Summer can be tough if you have sensitive skin and are prone to redness. When temperatures are high, your capillaries can dilate, which means more blood coming to the surface of the skin causing it to look pink or red. In some cases, it may also feel warm to the touch. When capillaries are constantly dilating and restricting from heat, they become stressed and can turn into “broken” capillaries with age. But don’t worry, there are a few things you can do to avoid this:

  1. Use products with calming, soothing ingredients like chamomile, green tea or oat kernel extract.
  2. Put your products in the fridge to help cool down the surface temperature of the skin. If you experience redness, one of the main goals is to keep the skin cool, and products with a gel consistency lend themselves especially well to this! Avoid hot water as well to prevent capillaries from expanding further.
  3. Avoid ingredients that are too harsh or irritating. Common culprits include synthetic fragrance, high concentrations of essential oils and foaming sulfates. In the summer, you may also want to look out for Avobenzone. This is a common ingredient used in chemical sunscreens that may cause skin sensitivity and inflammation. When in doubt, patch test first.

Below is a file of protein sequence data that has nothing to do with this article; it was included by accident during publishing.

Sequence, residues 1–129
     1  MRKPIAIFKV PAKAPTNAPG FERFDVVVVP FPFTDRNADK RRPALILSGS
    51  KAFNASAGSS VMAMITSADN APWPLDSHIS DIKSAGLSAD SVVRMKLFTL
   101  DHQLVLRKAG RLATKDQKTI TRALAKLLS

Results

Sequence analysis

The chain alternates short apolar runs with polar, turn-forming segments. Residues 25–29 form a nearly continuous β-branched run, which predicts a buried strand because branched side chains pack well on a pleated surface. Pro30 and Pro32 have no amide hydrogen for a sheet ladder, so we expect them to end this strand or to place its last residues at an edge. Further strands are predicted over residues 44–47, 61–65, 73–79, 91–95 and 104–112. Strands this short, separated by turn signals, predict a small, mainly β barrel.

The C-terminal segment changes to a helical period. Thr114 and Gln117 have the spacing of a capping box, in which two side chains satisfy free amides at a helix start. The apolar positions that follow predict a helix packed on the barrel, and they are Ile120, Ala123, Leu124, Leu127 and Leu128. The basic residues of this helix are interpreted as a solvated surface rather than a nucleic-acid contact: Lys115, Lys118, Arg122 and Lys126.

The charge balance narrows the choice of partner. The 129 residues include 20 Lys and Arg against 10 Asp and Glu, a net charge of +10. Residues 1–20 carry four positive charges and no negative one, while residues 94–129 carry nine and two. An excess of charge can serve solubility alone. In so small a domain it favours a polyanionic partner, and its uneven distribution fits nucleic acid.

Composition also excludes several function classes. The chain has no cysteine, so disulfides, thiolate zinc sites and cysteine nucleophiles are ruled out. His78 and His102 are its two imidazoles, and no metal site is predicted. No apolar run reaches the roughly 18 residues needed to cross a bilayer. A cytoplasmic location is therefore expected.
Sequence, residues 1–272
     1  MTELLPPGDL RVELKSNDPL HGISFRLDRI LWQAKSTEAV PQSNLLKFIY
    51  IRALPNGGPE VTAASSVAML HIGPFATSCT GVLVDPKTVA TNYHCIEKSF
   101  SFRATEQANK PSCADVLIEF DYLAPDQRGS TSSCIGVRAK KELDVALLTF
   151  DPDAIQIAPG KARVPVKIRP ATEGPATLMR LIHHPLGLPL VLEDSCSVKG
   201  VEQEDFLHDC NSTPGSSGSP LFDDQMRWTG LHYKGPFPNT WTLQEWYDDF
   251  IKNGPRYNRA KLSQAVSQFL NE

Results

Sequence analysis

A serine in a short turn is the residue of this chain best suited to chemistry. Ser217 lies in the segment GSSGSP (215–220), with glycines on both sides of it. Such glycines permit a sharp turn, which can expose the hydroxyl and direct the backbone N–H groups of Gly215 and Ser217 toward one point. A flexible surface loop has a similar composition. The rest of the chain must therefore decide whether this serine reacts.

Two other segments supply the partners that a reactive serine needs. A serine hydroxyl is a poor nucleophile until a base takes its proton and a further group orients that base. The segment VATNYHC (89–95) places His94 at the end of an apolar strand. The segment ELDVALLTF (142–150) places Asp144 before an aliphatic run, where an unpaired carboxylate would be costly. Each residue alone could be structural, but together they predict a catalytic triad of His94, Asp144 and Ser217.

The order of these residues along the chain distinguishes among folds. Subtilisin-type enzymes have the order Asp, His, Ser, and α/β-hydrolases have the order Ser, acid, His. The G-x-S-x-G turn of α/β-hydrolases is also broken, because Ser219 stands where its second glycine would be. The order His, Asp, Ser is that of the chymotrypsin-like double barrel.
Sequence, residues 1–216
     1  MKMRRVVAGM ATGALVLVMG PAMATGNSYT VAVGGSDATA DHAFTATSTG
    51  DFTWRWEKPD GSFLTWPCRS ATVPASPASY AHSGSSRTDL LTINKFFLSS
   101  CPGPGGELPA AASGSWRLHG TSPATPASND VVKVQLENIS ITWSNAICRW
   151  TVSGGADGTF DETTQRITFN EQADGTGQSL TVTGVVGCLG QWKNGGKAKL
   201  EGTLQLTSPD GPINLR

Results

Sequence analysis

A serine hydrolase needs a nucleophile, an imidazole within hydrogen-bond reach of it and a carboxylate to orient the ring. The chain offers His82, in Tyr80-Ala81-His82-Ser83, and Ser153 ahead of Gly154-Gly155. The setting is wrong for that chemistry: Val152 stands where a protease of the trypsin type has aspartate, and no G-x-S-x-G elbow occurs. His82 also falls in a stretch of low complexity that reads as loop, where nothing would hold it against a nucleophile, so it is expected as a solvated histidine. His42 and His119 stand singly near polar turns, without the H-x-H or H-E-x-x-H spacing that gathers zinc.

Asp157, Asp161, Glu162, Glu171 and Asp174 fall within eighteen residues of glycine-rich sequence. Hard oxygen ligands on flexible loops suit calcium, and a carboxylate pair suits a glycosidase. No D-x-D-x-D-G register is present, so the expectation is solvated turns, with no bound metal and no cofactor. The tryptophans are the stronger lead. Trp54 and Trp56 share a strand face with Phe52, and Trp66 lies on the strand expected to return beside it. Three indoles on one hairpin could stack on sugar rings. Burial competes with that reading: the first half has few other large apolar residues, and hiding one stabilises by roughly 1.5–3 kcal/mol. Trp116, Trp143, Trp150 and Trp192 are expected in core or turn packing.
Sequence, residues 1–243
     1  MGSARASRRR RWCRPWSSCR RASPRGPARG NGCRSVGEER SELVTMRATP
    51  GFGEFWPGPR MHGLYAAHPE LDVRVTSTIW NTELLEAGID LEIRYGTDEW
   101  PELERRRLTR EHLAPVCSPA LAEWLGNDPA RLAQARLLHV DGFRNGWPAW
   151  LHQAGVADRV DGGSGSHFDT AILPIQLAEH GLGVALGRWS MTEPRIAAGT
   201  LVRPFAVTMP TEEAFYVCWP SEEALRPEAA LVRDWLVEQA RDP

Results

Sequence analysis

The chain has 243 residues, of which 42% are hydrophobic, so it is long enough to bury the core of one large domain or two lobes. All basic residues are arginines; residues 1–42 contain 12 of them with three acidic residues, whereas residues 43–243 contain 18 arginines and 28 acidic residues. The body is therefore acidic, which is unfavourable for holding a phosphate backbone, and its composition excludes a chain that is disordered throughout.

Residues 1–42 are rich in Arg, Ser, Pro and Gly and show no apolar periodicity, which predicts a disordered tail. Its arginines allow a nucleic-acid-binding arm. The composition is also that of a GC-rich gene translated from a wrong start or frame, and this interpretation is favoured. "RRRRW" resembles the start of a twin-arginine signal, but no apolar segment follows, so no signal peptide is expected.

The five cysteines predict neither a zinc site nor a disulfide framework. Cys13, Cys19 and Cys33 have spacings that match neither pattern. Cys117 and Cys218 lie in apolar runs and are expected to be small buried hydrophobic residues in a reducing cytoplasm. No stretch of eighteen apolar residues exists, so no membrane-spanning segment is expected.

4. Go easy on chemical exfoliation. As I mentioned above, it’s good to cut back on exfoliation before prolonged sun exposure, as this can make the skin more photosensitive. The same is true for those prone to redness, irritation and sensitivity. Over-exfoliating can lead to a damaged moisture barrier and end up causing more harm than good. (Read how to fix a damaged moisture barrier.)

So there you have it, my recommended tweaks that will give you the perfect summer skincare routine. Bring on the barbecues and pool days—with loads of sunscreen and antioxidants!

Disclaimer: Content found on and, including text, images, audio, or other formats were created for informational purposes only. The Content is not intended to be a substitute for professional medical advice, diagnosis, or treatment. Always seek the advice of your physician or another qualified health provider with any questions you may have regarding a medical condition. Never disregard professional medical advice or delay in seeking it because of something you have read on this website or blog.


Post a comment
  1. What should I do if I want to get a tan ?
    How does my skincare routine should be if I really want to get a tan ?

    Posted By: Chema  | 

  2. Great skin care tips for summer.
    Thank you.

    Posted By: Neora  |